The Best Cloud Storage Services

Cloud services are more than just a spot for storing a few files

If you're hoping to find a new computer, tablet, or even smartphone in your pile of holiday gifts, now's a good time to take a look at setting up a cloud storage service for those gadgets (and for your old ones too). Cloud storage goes beyond a way to just automatically save your photos from your iPhone—it can help you with a variety of tasks, often for free.

Cloud storage services can store files, let you work on projects over the Internet without ever downloading them, share documents with friends, and collaborate with coworkers. Most services provide a certain amount of space where you can store and sync your files for free. If you go over that amount, you can pay for more storage. And that means that if you're willing to pay, cloud storage can be an easy way to back up your most important documents, or even your entire hard drive.

Here’s a look at what five popular services have to offer.

Apple iCloud. When you use iCloud, you can automatically back up your Apple photo library, app data, and other items you specify. You can also share photos, calendars, and more over iCloud. And of course you can access the files from any of your Apple devices. If you want to use Apple’s Find My Phone app, you’ll need an iCloud account to do so. You get 5GB of space free, but purchases like movies, music, and books don’t count against that total. You can get 50GB of storage for 99 cents a month, 200GB for $2.99, and 1TB for $9.99. iCloud is geared toward Apple devices, but non-Apple users can also set up an iCloud account from which they can create and share documents using Pages, Numbers, and Apple’s other productivity programs. You get 1GB of free storage with that type of account. Apple has had its share of security hacks, including the infamous celebrity photo hack that relied on phishing and guessed login credentials. So the company advises that you use a strong password and two-factor authentication, and provides instructions on how to do so here. Apple also uses various levels of encryption depending on whether an item is being transmitted or stored, as well as on what type of file it is.

DropBox. What started as a popular way to share music files has grown into a more complex cloud service. As with other services, you can sync and store across devices and platforms. But you can also share files with people who aren’t DropBox members by sending a link that they can use to download the file. There’s a 30-day version history, so if you want to go back to an older file you no longer have anywhere else, you’ll be able to retrieve it on DropBox. There’s a presentation program for collaborating with other users on slides. The Basic plan starts you with 2GB of storage; with the $9.99 a month Pro, you get 1TB of space and the ability to remotely wipe files from lost or stolen devices. The Business version gives you unlimited storage for $15 a month. Data stored in DropBox is protected with 256-bit encryption, and transported through a 128-bit SSL tunnel. You’ll find more security settings here.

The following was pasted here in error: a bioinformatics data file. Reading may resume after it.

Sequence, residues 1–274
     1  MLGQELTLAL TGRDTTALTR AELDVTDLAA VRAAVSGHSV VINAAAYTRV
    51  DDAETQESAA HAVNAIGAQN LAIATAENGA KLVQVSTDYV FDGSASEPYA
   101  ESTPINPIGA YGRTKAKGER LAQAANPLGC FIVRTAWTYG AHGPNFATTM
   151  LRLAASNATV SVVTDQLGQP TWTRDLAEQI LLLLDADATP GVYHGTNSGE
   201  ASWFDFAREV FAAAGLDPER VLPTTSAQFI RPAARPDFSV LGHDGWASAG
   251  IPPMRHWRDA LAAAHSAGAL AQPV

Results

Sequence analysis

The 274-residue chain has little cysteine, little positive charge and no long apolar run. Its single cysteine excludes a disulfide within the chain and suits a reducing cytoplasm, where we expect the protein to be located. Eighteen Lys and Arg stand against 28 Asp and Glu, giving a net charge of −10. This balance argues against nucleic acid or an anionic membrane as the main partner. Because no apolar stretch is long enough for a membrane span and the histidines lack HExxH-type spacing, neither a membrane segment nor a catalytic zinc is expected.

Google Drive. When you sign up for Google Drive, you get a generous 15GB of storage free to get you started. A variety of plans let you add more, from $1.99 a month for 100GB to $299.99 a month for 30TB. Google Drive is one of the services that lets you work collaboratively by sharing documents and giving different users various levels of access, such as edit and comment. You can work on documents wherever you are using the Google Docs and the other office tools. It also works well with Gmail accounts, letting you easily save attachments by hovering over them until you see the Drive logo, or searching for terms in documents or even objects in photos (such as “Empire State Building” in pictures of New York City). Google encrypts your data while it's in transit using SSL, the same level of encryption it uses in Gmail. It also offers these tips to help you keep your data secure.

Microsoft OneDrive. Even if you don’t have Microsoft Office, you can access, share, and collaborate on documents using a pared-down version of the suite when you’re online with OneDrive. You can use OneDrive from any platform, be it Windows, iOS, or Android. If you’re looking for lots of storage space, you might consider adding Windows 365 to your account. It’s a version of Office that you can share with up to five users (“Home” version, $99.99 a year) or use just for yourself (“Personal” version, $69.99 a year), but either provides you with 1TB of storage instead of the default free 15GB. If you’re a single user who’s not looking for mega-amounts of cloud storage, however, it’s much less costly to stick with the $150 version of Office Home & Student, which is not subscription-based. Here’s how Microsoft says it protects your files in OneDrive, along with some hints on what you can do to keep your data safe.

SugarSync. Unlike most other cloud services, SugarSync lets you back up and sync entire file folders. But also unlike others, there’s no free option. You can elect the 100GB plan for $7.49 a month or 1TB for $9.98 a month. You can generate private or public links to share your files, and remotely wipe items if one of your devices is lost or stolen. Data is stored using 256-bit encryption.